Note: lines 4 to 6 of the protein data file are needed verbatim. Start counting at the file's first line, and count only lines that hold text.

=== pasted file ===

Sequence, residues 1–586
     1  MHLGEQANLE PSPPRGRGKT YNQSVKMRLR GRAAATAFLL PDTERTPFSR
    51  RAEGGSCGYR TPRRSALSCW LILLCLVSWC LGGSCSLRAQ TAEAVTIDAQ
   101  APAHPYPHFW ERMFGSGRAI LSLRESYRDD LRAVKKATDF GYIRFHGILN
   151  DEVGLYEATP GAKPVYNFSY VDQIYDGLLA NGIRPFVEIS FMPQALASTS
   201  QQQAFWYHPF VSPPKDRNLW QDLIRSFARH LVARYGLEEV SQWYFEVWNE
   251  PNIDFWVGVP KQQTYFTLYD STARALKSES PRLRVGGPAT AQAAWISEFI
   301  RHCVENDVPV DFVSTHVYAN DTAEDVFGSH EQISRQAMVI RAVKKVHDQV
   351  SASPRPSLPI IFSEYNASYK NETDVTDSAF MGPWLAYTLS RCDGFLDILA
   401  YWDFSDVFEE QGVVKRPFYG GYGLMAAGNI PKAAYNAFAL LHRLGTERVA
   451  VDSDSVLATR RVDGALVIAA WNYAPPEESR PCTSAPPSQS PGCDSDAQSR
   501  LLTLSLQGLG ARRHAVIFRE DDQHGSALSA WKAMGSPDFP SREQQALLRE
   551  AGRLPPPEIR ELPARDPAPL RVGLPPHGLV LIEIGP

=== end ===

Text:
   101  APAHPYPHFW ERMFGSGRAI LSLRESYRDD LRAVKKATDF GYIRFHGILN
   151  DEVGLYEATP GAKPVYNFSY VDQIYDGLLA NGIRPFVEIS FMPQALASTS
   201  QQQAFWYHPF VSPPKDRNLW QDLIRSFARH LVARYGLEEV SQWYFEVWNE